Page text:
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Geoff Huston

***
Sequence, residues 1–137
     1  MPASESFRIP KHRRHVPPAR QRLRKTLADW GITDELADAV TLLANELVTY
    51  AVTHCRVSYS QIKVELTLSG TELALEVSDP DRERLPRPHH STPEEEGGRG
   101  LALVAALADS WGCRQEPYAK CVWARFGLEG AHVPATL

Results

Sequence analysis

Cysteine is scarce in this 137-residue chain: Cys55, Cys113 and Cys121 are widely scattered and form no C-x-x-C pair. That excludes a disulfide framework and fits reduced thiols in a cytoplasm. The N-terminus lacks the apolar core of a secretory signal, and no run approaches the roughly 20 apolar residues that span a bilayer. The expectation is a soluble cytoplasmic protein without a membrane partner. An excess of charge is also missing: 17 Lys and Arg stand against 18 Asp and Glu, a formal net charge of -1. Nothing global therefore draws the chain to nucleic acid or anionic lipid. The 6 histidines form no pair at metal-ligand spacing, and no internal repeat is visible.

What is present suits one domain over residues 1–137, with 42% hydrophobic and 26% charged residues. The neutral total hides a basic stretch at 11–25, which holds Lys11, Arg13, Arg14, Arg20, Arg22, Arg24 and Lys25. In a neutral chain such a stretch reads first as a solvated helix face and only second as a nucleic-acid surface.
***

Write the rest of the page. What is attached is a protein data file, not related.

In the artlcle on large IPv6 packets I posed the question on whether it is preferable to use a 1,280 byte local MTU for IPv6, or use a 1,500 byte MTU (assuming that you are connecting to an underlying local network that can supports a 1,500 byte MTU, of course). We had experimented with a modified DNS name server that generated responses of 151, 1400 and 1700 bytes, and we looked at the loss rate per Ipv6 /64 at each of these sizes. Size Count Always Fetched Sometime Fetched Never Fetched 151 5,707 5,603 (98%) 104 (2%) 0 1,400 5,075 4,942 (97%) 95 (2%) 38 (1%) 1,700 5,086 3,857 (76%) 65 (1%) 1,164 (23%) The loss rate for packets of 1,400 bytes in size was 1%, which appears to be due to Path MTU issues for those end sites that site behind MTU-constrained tunnels. The far higher loss rate for 1,700 byte packets points to a set of problems with fragmented packets in IPv6 networks, including the dropping of trailing fragments and the silent dropping of packets that have Extension Headers. If the local host uses a lower MTU value, such as 1280, then it will cause fragmented UDP packets to start at the lower MTU size, and the not inconsiderable fragment filtering and Fragmentation Extension Header loss factors then come into play for our 1,400 byte test packet. This has now been measured in an experiment whose conditions are the same as the previous experiment with the single change that thge MTU size has been dropped from 1,500 bytes to 1,280 bytes. The loss rate for 1,400 byte UDP packets (which are now all fragmented) has risen from 1% to 20%, as shown in the following table. Size Count Always Fetched Sometime Fetched Never Fetched 151 4,211 4,067 (97%) 144 (3%) 0 1400 4,112 3,203 (78%) 75 (2%) 834 (20%) 1700 4,100 2,954 (72%) 84 (2%) 1,062 (26%) For the 1,400 byte packet, of these 834 failing IPv6 /64’s, 288 (35%) of these V6 prefixes generated a Fragmentation Reassembly ICMP error, indicating some form of packet firewall filtering system that is dropping trailing fragments. The remainder of the drops were silent drops. The message seems pretty clear that for UDP in IPv6 it's best for a sender to use a large MTU if they can, in order to avoid gratuitous fragmentation-caused packet drop. Geoff